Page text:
French Prairie

French Prairie is a prairie located in Marion County, Oregon, United States, in the Willamette Valley between the Willamette River and the Pudding River, north of Salem. It was named for some of the earliest settlers of that part of the Oregon Country, French Canadian/Métis[1] people who were mostly former employees of the Hudson's Bay Company.[2] French Prairie is also known as an early Métis settlement in the Pacific Northwest history.[3]


European American settlement

The European presence in the French Prairie area began with Wallace House in 1812, near the present city of Keizer, Oregon. The station was a fur trading post built by William Wallace Matthews and John C. Halsley of the Pacific Fur Company.[4] The Willamette Trading Post was established in 1814 by the North West Company near the site of Champoeg.[1]

In the 1830s the French Canadian settlers, who were Roman Catholic, petitioned to Norbert Provencher, the Bishop of Juliopolis at the Red River Colony (present-day Winnipeg, Manitoba, Canada) to have a priest sent to them.[5][6] Two of these petitions were sent in 1836 and 1837. Bishop François Norbert Blanchet finally arrived in the French Prairie area in 1838. These first French Canadian settlers built hewn log homes in the French style and started wheat farms.[7] The homes were built with clay and stick chimneys, ash bark roofs, and animal skin windows that were similar to the homes built on the eastern Canadian frontier.[7] By 1843, approximately 100 French Canadian/Métis families lived on the prairie.[7]

The St. Paul Roman Catholic Church, in St. Paul, was built in 1846 by the settlers of French Prairie and is the oldest brick building still standing in the Pacific Northwest.[1]

Later settlement

For a short time in the 1880s the Oregonian Railway Company had a station named French Prairie about two miles southeast of the city of St. Paul.[2]

French Prairie today

The French Prairie area is still an important agricultural area of the Willamette Valley, and there is concern about urban development encroaching on arable land.[8]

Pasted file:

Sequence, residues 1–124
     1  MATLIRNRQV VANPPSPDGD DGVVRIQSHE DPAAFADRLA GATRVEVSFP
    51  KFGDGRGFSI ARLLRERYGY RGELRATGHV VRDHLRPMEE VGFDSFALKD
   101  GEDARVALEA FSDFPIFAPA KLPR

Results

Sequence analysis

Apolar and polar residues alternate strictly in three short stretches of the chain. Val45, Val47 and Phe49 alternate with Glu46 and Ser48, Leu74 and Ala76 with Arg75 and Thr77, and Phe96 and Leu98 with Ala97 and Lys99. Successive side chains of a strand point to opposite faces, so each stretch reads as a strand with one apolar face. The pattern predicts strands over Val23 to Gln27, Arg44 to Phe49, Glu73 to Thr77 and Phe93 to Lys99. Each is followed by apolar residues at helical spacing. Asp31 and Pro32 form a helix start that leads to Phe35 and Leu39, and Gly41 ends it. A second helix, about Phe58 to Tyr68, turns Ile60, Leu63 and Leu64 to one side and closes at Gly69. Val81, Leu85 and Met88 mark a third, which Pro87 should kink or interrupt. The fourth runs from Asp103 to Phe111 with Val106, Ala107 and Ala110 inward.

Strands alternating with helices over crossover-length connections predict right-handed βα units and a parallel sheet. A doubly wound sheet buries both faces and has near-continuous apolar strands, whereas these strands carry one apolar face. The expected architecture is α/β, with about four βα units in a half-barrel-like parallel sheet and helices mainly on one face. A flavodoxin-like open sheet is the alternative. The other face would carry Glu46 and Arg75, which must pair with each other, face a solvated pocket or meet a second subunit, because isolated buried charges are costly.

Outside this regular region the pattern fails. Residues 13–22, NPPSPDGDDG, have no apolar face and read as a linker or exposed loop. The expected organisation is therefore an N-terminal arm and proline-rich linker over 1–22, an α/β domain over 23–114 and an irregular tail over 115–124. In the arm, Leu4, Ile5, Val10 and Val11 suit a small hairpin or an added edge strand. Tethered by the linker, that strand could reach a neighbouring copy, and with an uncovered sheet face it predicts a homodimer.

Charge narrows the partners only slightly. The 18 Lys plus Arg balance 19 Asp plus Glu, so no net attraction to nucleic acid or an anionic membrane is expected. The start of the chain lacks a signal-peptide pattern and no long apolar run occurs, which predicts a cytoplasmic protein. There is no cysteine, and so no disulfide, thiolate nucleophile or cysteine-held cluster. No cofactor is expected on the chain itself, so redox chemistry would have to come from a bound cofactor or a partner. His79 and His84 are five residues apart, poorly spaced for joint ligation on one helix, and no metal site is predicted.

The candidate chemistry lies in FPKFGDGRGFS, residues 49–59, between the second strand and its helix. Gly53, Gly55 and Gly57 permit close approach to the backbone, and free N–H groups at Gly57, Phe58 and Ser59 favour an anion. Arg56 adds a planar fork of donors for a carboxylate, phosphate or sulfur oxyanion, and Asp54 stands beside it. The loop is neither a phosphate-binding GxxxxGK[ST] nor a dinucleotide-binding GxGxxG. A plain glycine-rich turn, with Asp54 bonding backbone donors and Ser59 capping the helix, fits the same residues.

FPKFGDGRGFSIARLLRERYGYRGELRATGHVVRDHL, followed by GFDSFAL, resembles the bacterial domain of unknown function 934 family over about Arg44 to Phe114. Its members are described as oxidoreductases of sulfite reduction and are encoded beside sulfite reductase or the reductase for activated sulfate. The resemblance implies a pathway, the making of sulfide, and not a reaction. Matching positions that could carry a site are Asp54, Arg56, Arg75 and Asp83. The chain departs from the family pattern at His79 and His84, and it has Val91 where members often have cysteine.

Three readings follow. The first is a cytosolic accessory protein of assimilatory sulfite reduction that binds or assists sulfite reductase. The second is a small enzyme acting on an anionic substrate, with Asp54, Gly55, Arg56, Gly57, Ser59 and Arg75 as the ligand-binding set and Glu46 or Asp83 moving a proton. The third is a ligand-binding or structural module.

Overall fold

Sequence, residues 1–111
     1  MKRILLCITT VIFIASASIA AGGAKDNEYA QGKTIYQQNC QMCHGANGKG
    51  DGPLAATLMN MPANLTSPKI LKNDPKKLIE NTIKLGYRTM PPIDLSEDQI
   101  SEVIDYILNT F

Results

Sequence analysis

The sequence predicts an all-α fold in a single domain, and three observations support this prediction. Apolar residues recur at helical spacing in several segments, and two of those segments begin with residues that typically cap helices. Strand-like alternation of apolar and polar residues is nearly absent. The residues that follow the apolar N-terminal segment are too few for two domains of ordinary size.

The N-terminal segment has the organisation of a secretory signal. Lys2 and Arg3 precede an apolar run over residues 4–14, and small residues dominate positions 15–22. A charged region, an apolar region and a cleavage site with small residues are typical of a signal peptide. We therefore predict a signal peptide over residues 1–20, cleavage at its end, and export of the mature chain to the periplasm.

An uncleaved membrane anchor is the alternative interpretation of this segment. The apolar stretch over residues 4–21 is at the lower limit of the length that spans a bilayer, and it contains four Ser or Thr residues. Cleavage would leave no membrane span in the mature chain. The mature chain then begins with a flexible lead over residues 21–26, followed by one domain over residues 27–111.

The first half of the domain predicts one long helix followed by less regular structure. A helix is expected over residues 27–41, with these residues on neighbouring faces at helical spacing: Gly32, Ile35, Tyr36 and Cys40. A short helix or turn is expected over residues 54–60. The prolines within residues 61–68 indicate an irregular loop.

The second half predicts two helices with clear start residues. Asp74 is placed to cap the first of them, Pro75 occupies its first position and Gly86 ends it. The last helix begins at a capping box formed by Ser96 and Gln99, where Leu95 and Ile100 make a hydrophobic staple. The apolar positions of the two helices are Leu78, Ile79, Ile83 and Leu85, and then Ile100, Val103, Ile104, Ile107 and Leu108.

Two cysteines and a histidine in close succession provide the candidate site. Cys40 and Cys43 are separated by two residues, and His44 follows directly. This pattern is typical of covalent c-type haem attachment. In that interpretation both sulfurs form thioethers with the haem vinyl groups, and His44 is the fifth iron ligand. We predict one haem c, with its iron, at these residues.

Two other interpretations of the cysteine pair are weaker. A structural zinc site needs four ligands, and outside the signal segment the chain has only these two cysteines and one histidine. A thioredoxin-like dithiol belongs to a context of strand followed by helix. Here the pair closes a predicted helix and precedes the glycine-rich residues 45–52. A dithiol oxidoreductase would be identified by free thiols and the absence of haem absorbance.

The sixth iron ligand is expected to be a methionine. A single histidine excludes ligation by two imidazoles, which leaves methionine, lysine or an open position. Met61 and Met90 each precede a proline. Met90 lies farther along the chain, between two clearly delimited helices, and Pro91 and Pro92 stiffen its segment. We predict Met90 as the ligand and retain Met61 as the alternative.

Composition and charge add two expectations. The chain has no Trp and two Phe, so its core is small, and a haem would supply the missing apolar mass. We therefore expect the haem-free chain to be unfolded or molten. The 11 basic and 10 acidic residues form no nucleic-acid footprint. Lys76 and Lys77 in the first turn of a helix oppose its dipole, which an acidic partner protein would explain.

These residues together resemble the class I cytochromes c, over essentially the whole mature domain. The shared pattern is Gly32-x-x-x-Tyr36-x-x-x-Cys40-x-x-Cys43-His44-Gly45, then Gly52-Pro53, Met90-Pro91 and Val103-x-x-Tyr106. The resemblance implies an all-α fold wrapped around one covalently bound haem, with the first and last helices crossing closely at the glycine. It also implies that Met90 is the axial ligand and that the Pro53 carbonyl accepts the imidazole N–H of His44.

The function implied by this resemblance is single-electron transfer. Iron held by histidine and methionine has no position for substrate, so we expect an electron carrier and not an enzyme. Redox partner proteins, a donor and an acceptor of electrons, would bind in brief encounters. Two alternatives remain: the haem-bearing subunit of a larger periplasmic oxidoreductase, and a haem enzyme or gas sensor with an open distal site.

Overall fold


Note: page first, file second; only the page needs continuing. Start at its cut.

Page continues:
Generally, the French Prairie is bounded by the Pudding River on the east, the Salem-Keizer metropolitan area on the south, and the Willamette River on both the north and west as the Willamette makes a 90 degree turn to the south near Newberg.[7] Settlements on French Prairie founded by French Canadians include Butteville, Champoeg, Gervais, Saint Louis, and St. Paul.

Notable residents


  1. Edmonston, George P., Jr.; Patricia Filip. "Rewrites". A look at five OSU researchers who are revolutionizing their academic disciplines. Oregon Stater. Retrieved 2007-03-17.
  2. McArthur, Lewis A.; Lewis L. McArthur (2003) [1928]. Oregon Geographic Names (7th ed.). Portland, Oregon: Oregon Historical Society Press. ISBN 0-87595-277-1.
  3. Barman, Jean French Canadians, furs, and indigenous women in the making of the Pacific Northwest. UBC Press. Vancouver 2014. Chapter 7: "Initiating Permanent Settlement"
  4. Henry, Alexander, and David Thompson. New Light on the Early History of the Greater Northwest: The Manuscript Journals of Alexander Henry, Fur Trader of the Northwest Company, and of David Thompson, Official Geographer and Explorer of the Same Company, 1799-1814 ; Exploration and Adventure among the Indians on the Red, Saskatchewan, Missouri, and Columbia Rivers. Edited by Elliott Coues. Vol. 2. New York City: Francis P. Harper, 1897. pp. 817-818.
  5. Lenzen, Connie. "Settlers on French Prairie, Oregon Territory in 1836-1838". Retrieved 2007-03-17.
  6. "Willamette Settlers to the Bishop of Juliopolis". Oregon Historical Society. Retrieved July 23, 2012.
  7. Chapman, J. S. (1993). French prairie ceramics: the Harriet D. Munnick archaeological collection, circa 1820-1860: a catalog and Northwest comparative guide. Anthropology northwest, no. 8. Corvallis, Or: Dept. of Anthropology, Oregon State University.
  8. "Minutes of the Board Session". Marion County Board of Commissioners. 2006-03-08. Archived from the original on September 28, 2007. Retrieved 2007-03-17.

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